"Don't panic" is the Government's soothing advice to women each time, reflecting the statistics which say the cervical cancer screening programme is overwhelmingly trustworthy, and that inaccuracies and delays affect only a tiny proportion of tests. But it's the air of ineptitude hanging over his department, and the minister's own inability to get a grip on the situation, which causes consternation.
The problems keep coming, drip, drip, drip. Hence the slow erosion of trust. There's no particular reason to believe that this will be the end of it either. One would have thought, for example, that, after recent fiascos, Simon Harris might have made it clear to his officials that he was to be kept fully informed of any developments on this issue, however minor, so that he could then decide whether or not action needed to be taken. That doesn't seem to be the case, even when, as here, the issue is far from minor.
It's being shrugged off as a trifling technical problem affecting a small number of women, but people do not live their lives according to statistics. Anyone who has ever anxiously waited for the results of cancer screening knows that each hour is a lifetime, each day an eternity.
As Sharon herself said: "Basically, all I really wanted was to get my results and know that I was okay." That's all anyone ever does want.
Dozens of women will now face rechecks as a result of this computer glitch, meaning further anxiety for every single one of them. Naturally, in light of previous scandals, Sharon's concern was that "women could have negative results and they would be none the wiser". It shouldn't take something like this to happen for the department to remember that, as Sharon says, "all of these women were someone's wife or someone's daughter, someone's sister, someone's friend" and that "the important thing here is that every woman in this scandal, just like the last time, is treated with respect".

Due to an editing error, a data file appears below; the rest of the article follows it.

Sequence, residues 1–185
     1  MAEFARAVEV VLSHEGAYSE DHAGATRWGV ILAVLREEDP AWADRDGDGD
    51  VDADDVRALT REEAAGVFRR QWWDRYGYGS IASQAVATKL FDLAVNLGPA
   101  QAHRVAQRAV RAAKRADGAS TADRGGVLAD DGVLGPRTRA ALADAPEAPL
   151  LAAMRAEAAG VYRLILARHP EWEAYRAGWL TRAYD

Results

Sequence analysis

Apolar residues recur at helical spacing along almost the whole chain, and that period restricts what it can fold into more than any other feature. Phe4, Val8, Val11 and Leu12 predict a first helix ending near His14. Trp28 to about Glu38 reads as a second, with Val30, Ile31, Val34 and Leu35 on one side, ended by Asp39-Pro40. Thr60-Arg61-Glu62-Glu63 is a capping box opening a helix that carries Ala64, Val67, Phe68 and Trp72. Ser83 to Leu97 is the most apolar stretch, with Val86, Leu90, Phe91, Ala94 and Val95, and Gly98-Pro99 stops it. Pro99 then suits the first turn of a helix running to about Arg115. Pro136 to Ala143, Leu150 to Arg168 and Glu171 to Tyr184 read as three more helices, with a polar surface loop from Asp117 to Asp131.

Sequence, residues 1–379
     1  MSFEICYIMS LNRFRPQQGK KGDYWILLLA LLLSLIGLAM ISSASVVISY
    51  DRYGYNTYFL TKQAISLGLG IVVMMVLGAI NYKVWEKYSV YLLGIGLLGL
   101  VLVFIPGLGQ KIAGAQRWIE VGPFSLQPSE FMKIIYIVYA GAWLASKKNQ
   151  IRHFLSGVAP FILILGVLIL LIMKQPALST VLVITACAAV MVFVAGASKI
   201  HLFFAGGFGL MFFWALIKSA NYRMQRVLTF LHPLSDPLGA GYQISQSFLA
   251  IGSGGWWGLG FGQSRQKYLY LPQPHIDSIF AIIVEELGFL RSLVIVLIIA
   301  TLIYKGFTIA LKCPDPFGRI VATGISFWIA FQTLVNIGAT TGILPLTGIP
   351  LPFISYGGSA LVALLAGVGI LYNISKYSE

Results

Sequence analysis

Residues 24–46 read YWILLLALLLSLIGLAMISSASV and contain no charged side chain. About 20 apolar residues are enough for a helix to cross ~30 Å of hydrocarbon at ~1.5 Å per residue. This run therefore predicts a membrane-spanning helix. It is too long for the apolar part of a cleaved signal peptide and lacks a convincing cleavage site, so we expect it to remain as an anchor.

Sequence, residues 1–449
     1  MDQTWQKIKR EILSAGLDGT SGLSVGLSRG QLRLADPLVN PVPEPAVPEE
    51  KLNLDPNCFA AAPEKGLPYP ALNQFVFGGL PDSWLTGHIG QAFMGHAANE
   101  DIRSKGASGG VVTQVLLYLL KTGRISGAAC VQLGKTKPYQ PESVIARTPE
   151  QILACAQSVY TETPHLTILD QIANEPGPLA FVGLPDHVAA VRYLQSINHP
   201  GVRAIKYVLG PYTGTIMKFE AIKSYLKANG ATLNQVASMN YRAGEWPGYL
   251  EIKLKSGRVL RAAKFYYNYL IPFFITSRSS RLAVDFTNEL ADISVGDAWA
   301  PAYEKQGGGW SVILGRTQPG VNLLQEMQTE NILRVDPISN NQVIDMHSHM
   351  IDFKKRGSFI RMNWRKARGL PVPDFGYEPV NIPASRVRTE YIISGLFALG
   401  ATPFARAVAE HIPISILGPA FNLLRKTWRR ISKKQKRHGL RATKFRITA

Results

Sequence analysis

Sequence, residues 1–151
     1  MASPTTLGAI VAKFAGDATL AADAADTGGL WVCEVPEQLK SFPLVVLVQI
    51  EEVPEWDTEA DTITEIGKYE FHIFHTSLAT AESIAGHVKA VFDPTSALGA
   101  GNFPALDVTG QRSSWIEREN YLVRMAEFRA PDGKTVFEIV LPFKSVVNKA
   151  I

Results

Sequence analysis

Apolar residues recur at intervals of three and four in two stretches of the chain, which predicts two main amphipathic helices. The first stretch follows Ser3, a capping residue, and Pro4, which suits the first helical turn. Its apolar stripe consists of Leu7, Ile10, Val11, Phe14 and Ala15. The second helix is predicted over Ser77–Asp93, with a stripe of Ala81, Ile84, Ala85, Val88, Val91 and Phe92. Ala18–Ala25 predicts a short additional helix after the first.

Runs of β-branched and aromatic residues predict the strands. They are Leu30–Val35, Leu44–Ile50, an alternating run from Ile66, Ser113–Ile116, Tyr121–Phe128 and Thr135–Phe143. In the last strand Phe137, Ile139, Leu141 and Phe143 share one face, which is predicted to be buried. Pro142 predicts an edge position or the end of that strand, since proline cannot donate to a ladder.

Simon Harris has scored some notable successes in his short time in high office. If it works out, Slaintecare could end up being the most significant of them all.
But how long is he going to keep dining out on his role in the referendum to repeal the Eighth Amendment?
It's worth looking at what the Minister for Health was actually doing in the days up to July 10, when he still wasn't being told about this computer glitch. He was talking up the alleged urgency of creating exclusion zones around medical facilities that offer abortion in order to effectively criminalise pro-life protests, which he denounced as "pretty disgusting". He was launching a public consultation on free contraception. Using the hashtag #TheNorthIsNext, he was even tweeting approvingly about moves at Westminster to impose same sex marriage on Northern Ireland.
The tweet about abortion also carried another, in retrospect ironic, hashtag - #trustwomen. Simon Harris could start by ensuring that officials in his department trust women, and take their concerns seriously, when they call to flag up problems with the cervical cancer screening programme. They've had enough warnings by now that their current approach is not working.